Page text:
BROOKLYN — Donnel Baird kept his coat on while he toured the aging sanctuary. His breath froze on his face mask as he took in the peeling plaster, the dusty basement, the failing boiler that never seemed able to make Bright Light Baptist Church warm.
But when he peered into the kitchen, the shiver he felt was one of recognition. Every burner on the stove was lit. The oven door was open, its temperature set on high.
It was exactly how Baird’s family tried to heat his childhood home more than three decades earlier, in another Brooklyn building with a dysfunctional HVAC system. The landlord wouldn’t address the problem, and the family couldn’t afford to move. So they stayed, the need to keep their children warm outweighing the danger of toxic fumes and open flames.
Baird, 40, has made it his life’s work to ensure other people don’t have to make that choice.
That’s why he launched BlocPower. Since its inception in 2012, his Brooklyn-based start-up has brought clean energy to more than 1,100 low-income buildings across the New York area. Baird’s business plan is simple: the company replaces heating and cooling systems that run on fossil fuels with greener, more efficient alternatives such as electric heat pumps and solar panels. That reduces the pollution driving climate change while also making indoor air healthier. The gains in efficiency generate enough savings to lower costs for property owners and deliver a profit to BlocPower investors. And the renovations create jobs and increase property values, building wealth in neighborhoods that have long been marginalized.
After collecting more than $60 million in his latest round of fundraising, Baird is eyeing an expansion to dozens more cities, including Philadelphia; Milwaukee; Oakland, Calif. He is not shy about his ambitions. Working building by building, block by block, he aims to address injustice and help save the planet.
An activist grows in Brooklyn
The foundations for BlocPower were laid during Baird’s childhood in Bedford-Stuyvesant, a Brooklyn neighborhood just a few miles from Bright Light. It was a community with a spirit of civil rights activism — the center of school integration protests; the home district of Rep. Shirley Chisholm, the first woman and African American to seek a major party’s presidential nomination in 1972. But the area had also been depleted by predatory real estate practices and ravaged by the crack epidemic.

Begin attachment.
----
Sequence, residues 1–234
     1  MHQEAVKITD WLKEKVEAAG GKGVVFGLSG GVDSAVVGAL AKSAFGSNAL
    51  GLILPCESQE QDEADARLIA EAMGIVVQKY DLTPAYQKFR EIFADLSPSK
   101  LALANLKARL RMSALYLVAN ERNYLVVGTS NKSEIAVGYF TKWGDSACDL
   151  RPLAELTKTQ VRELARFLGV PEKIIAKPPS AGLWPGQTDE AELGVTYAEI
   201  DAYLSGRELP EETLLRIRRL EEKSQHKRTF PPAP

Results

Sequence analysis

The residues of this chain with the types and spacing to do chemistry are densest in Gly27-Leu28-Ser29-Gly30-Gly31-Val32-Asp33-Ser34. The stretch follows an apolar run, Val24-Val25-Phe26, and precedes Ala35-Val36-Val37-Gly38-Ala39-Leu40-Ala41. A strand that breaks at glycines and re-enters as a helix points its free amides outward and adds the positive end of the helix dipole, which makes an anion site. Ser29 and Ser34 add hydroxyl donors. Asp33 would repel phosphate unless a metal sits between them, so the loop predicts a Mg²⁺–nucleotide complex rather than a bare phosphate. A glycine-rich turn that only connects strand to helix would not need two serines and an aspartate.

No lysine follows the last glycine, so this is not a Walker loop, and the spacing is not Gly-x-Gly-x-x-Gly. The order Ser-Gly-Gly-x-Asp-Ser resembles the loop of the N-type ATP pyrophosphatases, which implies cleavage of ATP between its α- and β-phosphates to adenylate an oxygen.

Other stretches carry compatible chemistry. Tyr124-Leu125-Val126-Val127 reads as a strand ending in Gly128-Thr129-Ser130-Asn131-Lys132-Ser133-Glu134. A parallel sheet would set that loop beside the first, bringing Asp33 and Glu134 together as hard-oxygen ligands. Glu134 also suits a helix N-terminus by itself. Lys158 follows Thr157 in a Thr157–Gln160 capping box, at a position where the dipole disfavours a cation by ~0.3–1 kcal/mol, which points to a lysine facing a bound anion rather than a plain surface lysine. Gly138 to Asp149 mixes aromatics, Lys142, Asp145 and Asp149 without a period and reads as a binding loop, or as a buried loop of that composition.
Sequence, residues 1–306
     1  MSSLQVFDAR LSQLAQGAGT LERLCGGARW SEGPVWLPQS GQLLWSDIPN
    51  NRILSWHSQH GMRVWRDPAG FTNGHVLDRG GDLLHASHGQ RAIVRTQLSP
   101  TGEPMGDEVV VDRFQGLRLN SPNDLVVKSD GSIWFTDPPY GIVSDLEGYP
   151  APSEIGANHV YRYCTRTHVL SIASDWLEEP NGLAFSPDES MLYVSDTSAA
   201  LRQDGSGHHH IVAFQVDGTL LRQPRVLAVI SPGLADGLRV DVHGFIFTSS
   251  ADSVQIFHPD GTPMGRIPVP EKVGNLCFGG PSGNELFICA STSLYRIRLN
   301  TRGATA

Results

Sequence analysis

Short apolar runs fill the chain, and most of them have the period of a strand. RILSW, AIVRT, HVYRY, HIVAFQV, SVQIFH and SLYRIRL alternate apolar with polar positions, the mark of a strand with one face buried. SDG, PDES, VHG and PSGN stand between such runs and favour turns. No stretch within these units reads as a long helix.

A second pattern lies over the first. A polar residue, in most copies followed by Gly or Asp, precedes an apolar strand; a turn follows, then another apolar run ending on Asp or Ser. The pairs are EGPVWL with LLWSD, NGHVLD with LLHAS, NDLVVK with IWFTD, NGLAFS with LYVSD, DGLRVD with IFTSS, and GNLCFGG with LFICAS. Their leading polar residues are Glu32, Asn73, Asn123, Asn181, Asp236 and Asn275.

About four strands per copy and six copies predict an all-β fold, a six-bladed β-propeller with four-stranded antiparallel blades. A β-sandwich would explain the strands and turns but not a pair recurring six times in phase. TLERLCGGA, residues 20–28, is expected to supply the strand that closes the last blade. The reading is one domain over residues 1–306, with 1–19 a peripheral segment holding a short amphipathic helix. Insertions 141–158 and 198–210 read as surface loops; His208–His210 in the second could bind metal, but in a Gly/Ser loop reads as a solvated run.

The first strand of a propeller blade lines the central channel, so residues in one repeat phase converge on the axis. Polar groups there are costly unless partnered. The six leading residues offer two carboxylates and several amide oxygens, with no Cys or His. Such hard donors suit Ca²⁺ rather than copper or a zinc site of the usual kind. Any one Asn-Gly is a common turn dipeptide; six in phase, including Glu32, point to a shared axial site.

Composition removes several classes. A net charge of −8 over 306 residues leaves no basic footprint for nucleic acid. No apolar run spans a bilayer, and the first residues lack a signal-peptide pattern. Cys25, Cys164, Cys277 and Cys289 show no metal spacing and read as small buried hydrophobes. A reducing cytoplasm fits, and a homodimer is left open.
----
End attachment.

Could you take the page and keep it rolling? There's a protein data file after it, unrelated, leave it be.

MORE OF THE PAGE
By the 1980s, when Baird’s parents emigrated from Guyana, the neighborhood was at a nadir. Buildings were in disrepair, jobs were hard to come by, tensions with police were high. As an elementary-schooler, Baird witnessed a fistfight escalate into a deadly shooting. That taught him about desperation, he says; when someone pulls the trigger, it’s because their back is already against the wall.
Baird’s family eventually moved to Atlanta, where Baird got scholarships to attend a private high school and then Duke University. Surrounded by Whiteness, wealth and privilege, “I really started to see the structural elements of racism in America,” Baird said.
Then police in the Bronx killed an unarmed Black man named Amadou Diallo, firing 41 shots at him. The immigrant from Guinea was only a few years older than Baird and had been standing in front of his apartment building when he was killed.
Baird sank into a deep depression. He might have stayed there if he hadn’t wound up in a course at Duke about social movements taught by historian Larry Goodwyn. He became close with the professor, who called the struggling sophomore into his office one day and told him, Baird recalled, to “get my s--- together.”
“He said, 'You’re so smart, there’s no excuse for you not to figure out how to plug in and get active on the issue of race,” Baird said.
In a classmate, Mariana Arcaya, Baird found the connection he needed. A fellow New Yorker and also a child of an immigrant, she bonded with Baird over their shared outrage about the world’s injustices. She talked him into driving nine hours to protest at a 2002 meeting of the World Economic Forum in New York. And when former vice president Al Gore’s climate-change documentary “An Inconvenient Truth” came out in 2006, Arcaya forced Baird to watch it with her — twice.
“She sat me down and was like, ‘This is incredibly important,' ” Baird said. “None of the other stuff you care about will matter unless you figure out how to solve it.”
After graduation, Baird moved back to New York to work as a community organizer, then got a job partnering with the Department of Energy to retrofit low-income houses so that they used less energy and cost less to heat.
Roughly a third of U.S. households have trouble paying energy bills, according to the Energy Information Administration. Wealth disparities and decades of racist housing policies mean that Black and Latino Americans are disproportionately likely to live in homes with broken or inefficient HVAC equipment that is more expensive to operate.